A bridge has been put up as part of the £4.6m flood defence scheme for an historic Cornish village devastated by torrential rainfall in 2004.
The bridge design was simplified after concerns from residents
About 440 million gallons of flood water poured through Boscastle, ruining buildings and washing vehicles away.
Engineers have lowered a new bridge into place above the River Valency in the last stage in the Environment Agency's defence scheme.
The river was also widened to increase capacity when water levels are high.
The existing lower bridge was damaged in the flood of August 2004 and planning permission granted for its demolition and replacement.
The replacement arrived in two pieces on articulated lorries, before being lifted into place by a giant crane.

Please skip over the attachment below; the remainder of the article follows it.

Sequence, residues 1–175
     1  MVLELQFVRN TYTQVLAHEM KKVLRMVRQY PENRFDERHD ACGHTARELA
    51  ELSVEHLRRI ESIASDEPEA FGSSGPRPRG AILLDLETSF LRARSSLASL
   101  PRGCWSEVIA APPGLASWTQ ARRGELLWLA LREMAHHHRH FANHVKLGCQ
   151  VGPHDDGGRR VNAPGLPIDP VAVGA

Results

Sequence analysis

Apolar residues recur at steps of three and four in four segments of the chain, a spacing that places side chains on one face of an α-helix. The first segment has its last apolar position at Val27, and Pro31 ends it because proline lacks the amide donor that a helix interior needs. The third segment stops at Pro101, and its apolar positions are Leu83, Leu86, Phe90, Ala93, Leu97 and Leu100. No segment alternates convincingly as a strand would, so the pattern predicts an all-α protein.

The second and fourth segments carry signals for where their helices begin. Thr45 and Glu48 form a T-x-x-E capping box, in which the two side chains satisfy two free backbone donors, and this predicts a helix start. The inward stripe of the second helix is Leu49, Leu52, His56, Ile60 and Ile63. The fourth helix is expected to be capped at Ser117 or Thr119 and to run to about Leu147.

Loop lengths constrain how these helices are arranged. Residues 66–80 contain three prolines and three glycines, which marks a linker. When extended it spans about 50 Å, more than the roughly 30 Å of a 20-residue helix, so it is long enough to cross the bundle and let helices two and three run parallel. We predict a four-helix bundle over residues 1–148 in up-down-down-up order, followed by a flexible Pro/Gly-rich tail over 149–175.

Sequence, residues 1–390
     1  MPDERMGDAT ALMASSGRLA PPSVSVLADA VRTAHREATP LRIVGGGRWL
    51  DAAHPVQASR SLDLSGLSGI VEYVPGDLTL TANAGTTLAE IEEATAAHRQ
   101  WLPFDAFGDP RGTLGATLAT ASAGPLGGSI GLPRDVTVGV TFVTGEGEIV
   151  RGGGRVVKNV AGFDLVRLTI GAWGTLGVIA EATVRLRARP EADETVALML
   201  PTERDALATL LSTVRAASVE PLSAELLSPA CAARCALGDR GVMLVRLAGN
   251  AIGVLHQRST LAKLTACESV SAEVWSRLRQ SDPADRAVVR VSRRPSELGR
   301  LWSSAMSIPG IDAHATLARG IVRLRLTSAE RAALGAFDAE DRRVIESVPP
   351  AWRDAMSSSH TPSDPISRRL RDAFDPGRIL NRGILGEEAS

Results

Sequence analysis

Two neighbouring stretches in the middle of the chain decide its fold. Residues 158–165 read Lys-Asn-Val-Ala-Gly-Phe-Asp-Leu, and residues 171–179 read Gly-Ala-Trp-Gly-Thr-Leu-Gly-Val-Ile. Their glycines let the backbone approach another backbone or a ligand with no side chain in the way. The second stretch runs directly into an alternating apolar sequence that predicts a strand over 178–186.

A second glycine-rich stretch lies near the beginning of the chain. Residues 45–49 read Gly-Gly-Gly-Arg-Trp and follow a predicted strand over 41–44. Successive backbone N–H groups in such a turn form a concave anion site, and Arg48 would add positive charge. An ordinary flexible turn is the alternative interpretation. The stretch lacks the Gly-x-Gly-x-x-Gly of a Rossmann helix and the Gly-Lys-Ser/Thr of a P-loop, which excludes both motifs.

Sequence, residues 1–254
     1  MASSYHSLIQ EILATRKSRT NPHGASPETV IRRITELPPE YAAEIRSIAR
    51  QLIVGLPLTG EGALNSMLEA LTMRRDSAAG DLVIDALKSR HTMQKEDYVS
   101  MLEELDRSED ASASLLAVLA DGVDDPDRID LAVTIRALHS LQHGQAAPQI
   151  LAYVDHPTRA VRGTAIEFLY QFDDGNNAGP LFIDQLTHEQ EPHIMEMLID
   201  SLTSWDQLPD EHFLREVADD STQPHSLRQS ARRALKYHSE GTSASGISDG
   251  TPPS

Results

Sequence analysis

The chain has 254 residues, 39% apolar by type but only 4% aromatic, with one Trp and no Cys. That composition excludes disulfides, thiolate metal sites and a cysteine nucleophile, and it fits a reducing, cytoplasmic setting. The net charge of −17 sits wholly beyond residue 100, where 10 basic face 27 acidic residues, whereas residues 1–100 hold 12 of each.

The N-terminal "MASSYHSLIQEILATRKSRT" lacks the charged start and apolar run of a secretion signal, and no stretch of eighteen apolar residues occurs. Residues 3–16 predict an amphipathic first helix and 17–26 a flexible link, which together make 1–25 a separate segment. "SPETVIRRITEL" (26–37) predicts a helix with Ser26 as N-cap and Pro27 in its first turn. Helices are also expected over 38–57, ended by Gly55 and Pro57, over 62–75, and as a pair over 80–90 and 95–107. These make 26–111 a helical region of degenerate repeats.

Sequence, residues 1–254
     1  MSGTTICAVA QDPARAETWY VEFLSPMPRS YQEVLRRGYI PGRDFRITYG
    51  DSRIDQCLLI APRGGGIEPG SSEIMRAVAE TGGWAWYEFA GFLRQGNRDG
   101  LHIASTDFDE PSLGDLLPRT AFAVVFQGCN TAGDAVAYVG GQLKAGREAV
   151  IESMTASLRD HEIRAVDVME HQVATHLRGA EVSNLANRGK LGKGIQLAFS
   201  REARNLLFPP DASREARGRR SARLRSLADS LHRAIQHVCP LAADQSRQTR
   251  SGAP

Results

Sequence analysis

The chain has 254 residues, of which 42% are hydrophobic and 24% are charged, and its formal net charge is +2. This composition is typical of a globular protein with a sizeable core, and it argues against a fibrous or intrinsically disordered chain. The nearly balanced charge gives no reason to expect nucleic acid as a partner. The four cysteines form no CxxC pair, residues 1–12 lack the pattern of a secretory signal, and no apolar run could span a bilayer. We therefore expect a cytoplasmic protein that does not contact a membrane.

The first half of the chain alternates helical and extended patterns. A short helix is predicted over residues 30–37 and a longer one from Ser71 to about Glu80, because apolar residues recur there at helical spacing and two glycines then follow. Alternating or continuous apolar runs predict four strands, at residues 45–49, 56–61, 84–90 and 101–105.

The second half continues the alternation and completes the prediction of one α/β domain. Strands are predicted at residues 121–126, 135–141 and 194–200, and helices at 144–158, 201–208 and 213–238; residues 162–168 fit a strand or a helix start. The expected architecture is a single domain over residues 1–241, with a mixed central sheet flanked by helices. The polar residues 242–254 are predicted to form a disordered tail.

The £400,000 bridge was built off site by Cornish Concrete Products, based in Truro.
Once in place, a temporary central support was driven into the river bed until it can be joined together and properly reinforced.
Andrew Davey, of the National Trust, said: "Today represents a significant moment in the whole project, where we can say we are finally on the 'home-run' to the completion of the scheme."
He said the "simple" design had been significantly adapted to address concerns by the community over an earlier model.
Initial plans were thrown out when residents said the structure was too large and too modern.
The altered design has been approved by North Cornwall District Council.
The Environment Agency said it had worked closely with the local community, the National Trust's architectural panel and the Boscastle Bridge Working Group to ensure the design was sympathetic with its surroundings.
During the 2004 floods, military helicopters airlifted around 100 people to safety, 58 properties were flooded and four businesses were demolished.